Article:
Opinion: Are big OTAs abusing their power?

Opinion: Are big OTAs abusing their power?

The two global giants are not being fair to the consumer or to accommodation owners, argues David Weston, chairman of the UK B&B Association

What comes between a hotel or bed and breakfast (B&B) and its client? Not so long ago it could be a travel agent, who added value with their knowledge and took their 10%. Then online travel agents (OTAs) appeared – initially to do a similar job.

Now, though, OTAs are nobody’s ‘agent’. They don’t give the unbiased choice and transparent information consumers think they are getting, and they certainly don’t act as agent of the accommodation owner.

This is now an unequal and unfair relationship, at times verging on the abusive.
The two giant US OTA groups – Priceline, which owns Booking.com, Kayak and others, and Expedia, which owns Hotels.com, Trivago and other brands – have some 80% of the market.

The imbalance of power between these two and an independent hotel or B&B is extraordinary.
Our B&B members have no negotiation of terms with these global giants – it is ‘take it or leave it’, and what we have to take often seems unfair.

How have these platforms carved out such a dominant position in our industry, extracting such a significant and growing cut from the prices paid by consumers and driving up prices?
These are some of the ways:

• The OTAs use their vast financial firepower to buy the top places on Google search, so the OTA appears under the hotel or B&B property’s name in search results and all clicks on the name yield commission to the OTA – typically 15-18%.

• They invent false discounts to give the impression the room being sold has been discounted by the OTA when it has not (see graphic)

• The OTAs force properties to build the commission they demand into the room price, using rate-parity clauses even where the hotel or B&B sells direct from its own website, allowing the OTAs to claim they “always have the best deals”.

• The sites are easy to use – the OTAs have the deepest pockets to develop compelling, user-friendly websites and phone apps.

• They use their size and market power to promote their brands extensively online, on TV and in email marketing campaigns to the extent that even the largest hotel groups cannot now compete.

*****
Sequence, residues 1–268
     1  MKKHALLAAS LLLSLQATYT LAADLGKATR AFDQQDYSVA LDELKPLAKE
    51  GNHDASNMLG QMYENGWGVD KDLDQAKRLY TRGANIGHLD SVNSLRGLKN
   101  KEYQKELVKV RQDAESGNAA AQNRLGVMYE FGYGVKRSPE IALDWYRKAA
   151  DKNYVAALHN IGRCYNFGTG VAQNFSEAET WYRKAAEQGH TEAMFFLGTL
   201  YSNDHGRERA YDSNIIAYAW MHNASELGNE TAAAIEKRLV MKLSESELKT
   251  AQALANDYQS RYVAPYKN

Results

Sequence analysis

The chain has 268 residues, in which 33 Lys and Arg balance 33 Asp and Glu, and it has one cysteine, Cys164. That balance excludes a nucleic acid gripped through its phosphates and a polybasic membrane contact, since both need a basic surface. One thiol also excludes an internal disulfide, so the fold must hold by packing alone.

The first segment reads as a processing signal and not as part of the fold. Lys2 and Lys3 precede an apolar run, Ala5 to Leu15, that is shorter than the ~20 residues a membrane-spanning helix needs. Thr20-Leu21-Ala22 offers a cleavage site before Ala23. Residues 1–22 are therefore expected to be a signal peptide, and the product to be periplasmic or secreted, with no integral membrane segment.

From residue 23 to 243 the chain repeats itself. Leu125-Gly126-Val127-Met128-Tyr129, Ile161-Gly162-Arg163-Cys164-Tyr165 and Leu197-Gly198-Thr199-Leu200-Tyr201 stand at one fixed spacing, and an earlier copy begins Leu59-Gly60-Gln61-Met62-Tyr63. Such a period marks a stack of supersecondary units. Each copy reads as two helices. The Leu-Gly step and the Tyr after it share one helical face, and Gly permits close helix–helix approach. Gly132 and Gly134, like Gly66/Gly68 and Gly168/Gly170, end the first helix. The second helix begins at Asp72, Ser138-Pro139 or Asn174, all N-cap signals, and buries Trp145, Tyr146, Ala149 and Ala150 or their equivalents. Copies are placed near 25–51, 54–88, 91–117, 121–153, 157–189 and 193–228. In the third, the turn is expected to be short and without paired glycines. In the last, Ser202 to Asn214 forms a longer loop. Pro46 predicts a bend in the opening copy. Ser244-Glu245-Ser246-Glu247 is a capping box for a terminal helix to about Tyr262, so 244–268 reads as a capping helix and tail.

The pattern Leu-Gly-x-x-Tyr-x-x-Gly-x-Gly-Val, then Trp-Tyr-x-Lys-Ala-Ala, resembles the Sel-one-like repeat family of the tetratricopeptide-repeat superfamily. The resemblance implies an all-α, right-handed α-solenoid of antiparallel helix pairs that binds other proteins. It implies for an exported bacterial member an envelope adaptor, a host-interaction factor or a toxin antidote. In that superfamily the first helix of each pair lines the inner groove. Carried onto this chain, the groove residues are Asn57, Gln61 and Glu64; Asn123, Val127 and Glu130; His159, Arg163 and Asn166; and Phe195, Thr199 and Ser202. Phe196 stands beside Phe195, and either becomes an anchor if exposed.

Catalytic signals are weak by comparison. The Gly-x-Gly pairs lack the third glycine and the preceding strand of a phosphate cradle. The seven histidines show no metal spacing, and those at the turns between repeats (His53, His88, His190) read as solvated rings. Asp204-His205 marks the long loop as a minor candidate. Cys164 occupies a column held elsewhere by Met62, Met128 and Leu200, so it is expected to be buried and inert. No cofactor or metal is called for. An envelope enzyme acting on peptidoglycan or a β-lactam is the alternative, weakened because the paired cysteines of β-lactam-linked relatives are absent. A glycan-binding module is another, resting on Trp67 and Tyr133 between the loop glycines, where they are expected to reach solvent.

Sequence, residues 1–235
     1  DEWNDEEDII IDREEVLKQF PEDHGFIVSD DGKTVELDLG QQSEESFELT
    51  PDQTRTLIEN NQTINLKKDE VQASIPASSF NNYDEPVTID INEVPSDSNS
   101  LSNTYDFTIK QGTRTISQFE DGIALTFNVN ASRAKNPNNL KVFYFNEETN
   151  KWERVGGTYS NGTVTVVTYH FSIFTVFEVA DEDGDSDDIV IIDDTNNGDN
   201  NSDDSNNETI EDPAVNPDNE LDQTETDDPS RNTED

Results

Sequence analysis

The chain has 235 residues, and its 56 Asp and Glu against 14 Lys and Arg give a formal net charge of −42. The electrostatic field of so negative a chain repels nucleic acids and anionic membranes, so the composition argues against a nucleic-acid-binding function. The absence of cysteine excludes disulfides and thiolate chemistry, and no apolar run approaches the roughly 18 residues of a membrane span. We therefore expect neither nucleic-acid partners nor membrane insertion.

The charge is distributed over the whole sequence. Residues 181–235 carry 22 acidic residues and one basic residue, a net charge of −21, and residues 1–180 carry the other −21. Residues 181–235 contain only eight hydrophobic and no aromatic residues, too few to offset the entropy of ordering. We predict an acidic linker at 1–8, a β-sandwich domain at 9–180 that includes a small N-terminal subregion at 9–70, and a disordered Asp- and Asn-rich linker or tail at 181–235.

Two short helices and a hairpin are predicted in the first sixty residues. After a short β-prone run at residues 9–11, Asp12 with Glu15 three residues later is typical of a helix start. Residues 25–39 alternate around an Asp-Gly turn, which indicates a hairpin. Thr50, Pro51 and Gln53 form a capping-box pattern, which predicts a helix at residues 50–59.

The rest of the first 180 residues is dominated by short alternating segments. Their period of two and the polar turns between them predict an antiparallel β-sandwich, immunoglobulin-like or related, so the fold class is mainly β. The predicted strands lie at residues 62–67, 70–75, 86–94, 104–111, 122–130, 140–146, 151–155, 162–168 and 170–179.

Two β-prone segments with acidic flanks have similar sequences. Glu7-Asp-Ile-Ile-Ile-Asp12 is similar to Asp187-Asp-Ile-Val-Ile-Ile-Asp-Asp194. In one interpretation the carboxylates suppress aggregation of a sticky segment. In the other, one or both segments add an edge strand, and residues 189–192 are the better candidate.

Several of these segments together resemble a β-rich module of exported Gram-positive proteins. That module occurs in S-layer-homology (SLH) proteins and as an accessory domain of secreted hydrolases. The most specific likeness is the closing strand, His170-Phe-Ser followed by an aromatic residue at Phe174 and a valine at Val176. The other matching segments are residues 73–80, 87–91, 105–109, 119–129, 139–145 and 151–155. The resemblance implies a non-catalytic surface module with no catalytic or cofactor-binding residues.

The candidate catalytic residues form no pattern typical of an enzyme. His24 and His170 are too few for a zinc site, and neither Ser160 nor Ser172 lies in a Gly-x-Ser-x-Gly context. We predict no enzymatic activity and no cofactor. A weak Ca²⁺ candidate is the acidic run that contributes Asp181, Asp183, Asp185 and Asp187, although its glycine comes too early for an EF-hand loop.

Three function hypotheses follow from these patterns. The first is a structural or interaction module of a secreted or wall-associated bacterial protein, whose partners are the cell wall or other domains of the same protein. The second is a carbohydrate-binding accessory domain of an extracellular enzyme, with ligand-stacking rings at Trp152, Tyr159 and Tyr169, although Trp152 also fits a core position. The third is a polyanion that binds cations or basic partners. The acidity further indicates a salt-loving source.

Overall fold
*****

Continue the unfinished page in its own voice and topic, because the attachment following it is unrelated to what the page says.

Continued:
• They promote the idea that consumers can easily cancel bookings where this might not be so easy direct, even though cancellation fees may be due. This results in vastly higher cancellation rates on OTA bookings and hidden costs to hotels and B&Bs. Members tell us OTAs routinely pressure them to waive their proper charges for the OTA ‘client’.

• They create misleading urgency by statements such as “only 2 rooms left” (when there may be more available direct), “in high demand”, “booked six times in the last 24 hours”, or “three people are currently looking at this property”, and by false discount statements like “-41% TODAY” when the OTA has no discount on that room that day.

The price claims – enforced by the restrictive practice of rate parity, now banned in France and Germany – and false discounts clearly work. Surveys show 85% of consumers say they book with an OTA “to get the best price”.

Consumers also believe the OTAs offer an unbiased search of the full range of accommodation. In reality, what might be more suitable accommodation is not offered because it does not yield commission to the OTA.

The search results are manipulated to make the OTA the most money, not best to meet the consumer’s search requirements

We have raised these anti-competitive practices with the EU and the UK Competition and Markets Authority (CMA) and are calling on them to take action to ensure the OTAs are transparent, honest and unbiased, and allow accommodation owners a fair measure of commercial freedom.

We are also calling on OTAs to stop promoting the idea of free and late cancellation.
The central message of Booking.com’s current UK TV advertisement is: book what you like – you can always cancel it later.

Coping with the resultant high rates of late cancellation can be financially devastating if you only have a handful of rooms. Is this a fair way to treat the small businesses that Booking likes to call ‘partners’?

booking-com-graphic

The Bed & Breakfast Association is the UK trade association for the B&B and guest house sector – some 25,000 small businesses. David Weston sits on the UK government’s Tourism Industry Council.

bandbassociation.org

More:

UK association files multiple complaints against Booking.com

UK association hits out at Booking.com ‘abuse’

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